How To Let Go Of Worry

By Paul Triggs, LMSW

Worry is defined as “mental distress or agitation resulting from concern usually for something impending or anticipated “(Meriam-Webster, 2019).  Worry is not just a negative reaction to anticipated circumstances but rather a useful response to keep you and those around you safe. Although, some worry can be helpful, excessive worry could do more harm than good. Here are a few tips to help you gain independence from excessive worry.

1.     Practice Breathing

I know it sounds simple. But sometimes answers are simple.

Breathing exercises may seem daunting or silly at times but without oxygen you would not be reading this. Breathing is an essential part of your existence, but it could be more. Did you know that controlled breathing and relaxation techniques can be an extremely valuable tool? For example, deep breathing exercises have been successful in helping reduce PTSD symptoms and lowering blood pressure to create a calmer mood (Kim, Schneider, Kravitz, Mermier, & Burge, 2013). In turn, deep breathing could be a valuable tool when you are stressed out try a few deep breaths and see if that helps.

2.     Make A List

Anxiety and excessive worry are uncomfortable feelings that we all experience at one time or another. For example, according to the Anxiety and Depression Association of America nearly 40 million adults are affected by anxiety each year (ADAA, 2019). So, if you are reading this and feel like you struggle with anxiety you are not alone. Although, the amount of people who struggle with anxiety may seem disheartening this illness is quite treatable with the right guidance. Making a list is one good practice that could help reduce your anxiety and increase your ability to make good decisions. The practice of list making alone helps implement one key tool of anxiety treatment and that is learning to focus on one thing at a time. One thing I have learned recently is that the concept of multi-tasking is a myth because no one can do two things simultaneously with the same amount of quality. In response, making a list can help you rank tasks by importance and provide some reflection on your priorities.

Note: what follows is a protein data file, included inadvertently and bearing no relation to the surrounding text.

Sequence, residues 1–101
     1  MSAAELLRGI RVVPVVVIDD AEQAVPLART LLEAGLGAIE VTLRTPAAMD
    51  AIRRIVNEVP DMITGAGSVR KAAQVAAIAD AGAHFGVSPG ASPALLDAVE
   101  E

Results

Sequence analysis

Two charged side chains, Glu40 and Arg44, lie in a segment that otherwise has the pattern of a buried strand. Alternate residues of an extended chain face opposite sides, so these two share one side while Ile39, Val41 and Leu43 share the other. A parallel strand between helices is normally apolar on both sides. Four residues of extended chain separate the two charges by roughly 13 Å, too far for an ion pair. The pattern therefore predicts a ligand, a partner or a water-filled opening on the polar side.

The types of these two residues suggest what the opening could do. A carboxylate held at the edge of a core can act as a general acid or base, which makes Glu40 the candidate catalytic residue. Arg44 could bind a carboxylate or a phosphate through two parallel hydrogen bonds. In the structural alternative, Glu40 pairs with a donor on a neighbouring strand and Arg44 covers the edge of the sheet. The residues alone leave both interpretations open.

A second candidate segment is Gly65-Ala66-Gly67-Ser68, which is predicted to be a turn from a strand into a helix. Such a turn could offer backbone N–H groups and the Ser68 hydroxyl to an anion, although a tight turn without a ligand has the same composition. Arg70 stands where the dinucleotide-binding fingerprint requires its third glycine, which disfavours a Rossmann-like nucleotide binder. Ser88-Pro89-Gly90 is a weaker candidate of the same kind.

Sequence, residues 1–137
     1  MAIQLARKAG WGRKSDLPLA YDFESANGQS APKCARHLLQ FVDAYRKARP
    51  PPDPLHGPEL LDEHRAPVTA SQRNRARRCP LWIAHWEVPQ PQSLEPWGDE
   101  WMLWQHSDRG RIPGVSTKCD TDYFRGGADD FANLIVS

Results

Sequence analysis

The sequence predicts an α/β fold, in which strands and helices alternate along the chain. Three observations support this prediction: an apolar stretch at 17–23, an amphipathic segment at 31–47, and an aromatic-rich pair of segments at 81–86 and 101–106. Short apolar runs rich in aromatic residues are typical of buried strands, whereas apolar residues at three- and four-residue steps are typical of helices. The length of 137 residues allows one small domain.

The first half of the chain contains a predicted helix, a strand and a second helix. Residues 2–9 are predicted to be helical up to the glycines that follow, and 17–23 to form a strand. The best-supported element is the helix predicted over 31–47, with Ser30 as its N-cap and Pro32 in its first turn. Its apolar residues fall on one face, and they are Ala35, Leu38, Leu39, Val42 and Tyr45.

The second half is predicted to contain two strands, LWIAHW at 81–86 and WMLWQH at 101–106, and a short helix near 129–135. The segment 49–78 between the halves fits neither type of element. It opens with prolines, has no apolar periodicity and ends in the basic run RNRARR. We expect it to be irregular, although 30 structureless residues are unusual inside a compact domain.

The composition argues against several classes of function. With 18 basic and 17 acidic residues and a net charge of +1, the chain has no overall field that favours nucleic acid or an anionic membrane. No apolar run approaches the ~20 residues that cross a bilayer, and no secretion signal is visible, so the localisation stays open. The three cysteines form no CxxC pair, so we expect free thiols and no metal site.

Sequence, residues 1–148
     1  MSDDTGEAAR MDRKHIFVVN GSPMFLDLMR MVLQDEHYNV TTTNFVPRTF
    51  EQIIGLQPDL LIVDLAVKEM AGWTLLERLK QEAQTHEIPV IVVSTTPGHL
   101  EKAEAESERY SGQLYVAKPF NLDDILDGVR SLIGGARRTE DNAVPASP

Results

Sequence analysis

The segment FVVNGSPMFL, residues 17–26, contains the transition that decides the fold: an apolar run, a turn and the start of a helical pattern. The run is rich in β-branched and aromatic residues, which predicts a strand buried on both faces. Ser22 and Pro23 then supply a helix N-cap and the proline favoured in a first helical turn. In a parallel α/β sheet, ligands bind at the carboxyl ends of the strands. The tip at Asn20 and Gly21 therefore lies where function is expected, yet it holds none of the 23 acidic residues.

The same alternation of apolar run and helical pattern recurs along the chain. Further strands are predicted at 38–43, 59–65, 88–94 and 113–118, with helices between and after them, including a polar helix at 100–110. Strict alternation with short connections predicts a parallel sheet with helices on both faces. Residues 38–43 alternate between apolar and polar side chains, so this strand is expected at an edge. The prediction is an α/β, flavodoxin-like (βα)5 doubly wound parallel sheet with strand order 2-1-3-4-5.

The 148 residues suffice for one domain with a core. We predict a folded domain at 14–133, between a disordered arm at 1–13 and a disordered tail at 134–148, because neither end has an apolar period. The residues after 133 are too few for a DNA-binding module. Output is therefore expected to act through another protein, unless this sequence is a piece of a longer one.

3.     Set A Goal

The act of setting a goal is a crucial and incredibly value step for your well-being. For example, many famous people we all look up to only reached their level of success because they set a goal and reached it. For you the goal may not to be famous it could be something more practical such as learning a new language or learning how to play an instrument. Although, these goals may seem far from each other they share one common thread they are three singular goals. While it would be possible to learn a new language and learning to play an instrument simultaneously this would be difficult. On the other hand, think of a time when you put your heart into one thing how did that go? I bet it went well because you were present in the moment and held a singular focus which is to achieve that goal. In turn, setting a singular goal is a good place to when you are trying to gain independence from worry because you will have more time and energy to ensure that it becomes a success.


4.     Set Small Achievable Steps and Complete Them One at a Time

In a perfect world we would all have one clear set of steps that we could focus on and master to achieve our goals. Unfortunately, life is unpredictable, and you may need to accomplish multiple things at one time which will hamper your ability to reach your full potential. In response, setting small attainable steps may provide relief from your worry and help you stay motivated while focusing on what really matters. Although, this may seem like a unique idea to some people it is not because you do these things every day. For example, enrolling in high school and college was a result of multiple small steps such as testing, research and attending orientation. As you can see this is something you are already a pretty good at so try and apply those same principles to your current challenges. If you have difficulty coming with the ideas to make these steps or need a second opinion feel free to reach out to a friendly therapist who would be happy to help.

ADAA. (2019). Facts and Statistics. Retrieved from:

Kim, S. H., Schneider, S. M., Kravitz, L., Mermier, C., & Burge, M. R. (2013). Mind-body practices for posttraumatic stress disorder. Journal of investigative medicine: the official publication of the American Federation for Clinical Research, 61(5), 827–834. doi:10.2310/JIM.0b013e3182906862

Worry. 2019. In Retrieved from: